These are not our stories.
The projector switches off.
Outline of Fading Empire
In the waning days the old stories do not hold. In the waning days language becomes thin and ghostly. In the waning days none of this registers. In the waning days people cling to routines.
In the waning days, trapped inside obsolete maps that distinguish up from down and figure from ground people see the world as given in advance as what is slipping away.
The Empire talks of freedom but relies on debt peonage to force open markets for agricultural overproduction. So freedom means freedom from necessity for shareholders in the corporations that benefit from this arrangement.
The Empire is built on weapons sales. When a war breaks out involving those weapons, The Empire dispatches negotiators most attentive to detail and process to broker a slow end to hostilities. These negotiators act as if they know nothing of how the weapons systems used by the combatants came to be in that place.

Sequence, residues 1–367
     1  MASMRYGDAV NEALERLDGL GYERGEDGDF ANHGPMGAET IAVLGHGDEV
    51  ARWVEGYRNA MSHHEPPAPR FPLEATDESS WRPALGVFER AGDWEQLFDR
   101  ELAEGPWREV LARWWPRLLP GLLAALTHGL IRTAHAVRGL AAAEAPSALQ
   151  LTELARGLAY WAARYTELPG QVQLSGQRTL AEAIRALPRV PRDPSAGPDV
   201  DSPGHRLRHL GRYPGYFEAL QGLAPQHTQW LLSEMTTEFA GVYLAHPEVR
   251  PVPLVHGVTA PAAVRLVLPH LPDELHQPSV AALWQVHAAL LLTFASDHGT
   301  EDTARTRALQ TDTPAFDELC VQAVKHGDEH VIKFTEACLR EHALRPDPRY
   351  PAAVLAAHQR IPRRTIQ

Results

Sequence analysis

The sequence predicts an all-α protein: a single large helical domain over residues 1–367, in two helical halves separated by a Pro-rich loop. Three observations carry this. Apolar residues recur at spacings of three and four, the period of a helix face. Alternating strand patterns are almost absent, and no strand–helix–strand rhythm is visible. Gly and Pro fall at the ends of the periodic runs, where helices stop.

The Empire is a maze of bounded rationalities within which well-intentioned people carry out well-intentioned policies to the exclusion of feedback loops that would connect them to outcomes. The Empire is spaces made of mirrors.
The Empire devotes most of its resources to the elimination of The Enemy. The Enemy is the consequence of the Empire’s actions. The Enemy will never be eliminated. The Empire is a war on itself.
The Empire does not record its deterioration. It leaves that to the servants who archive things.
Interior Ministry Note:
This tract was found on the streets in front of the Presidential Palace.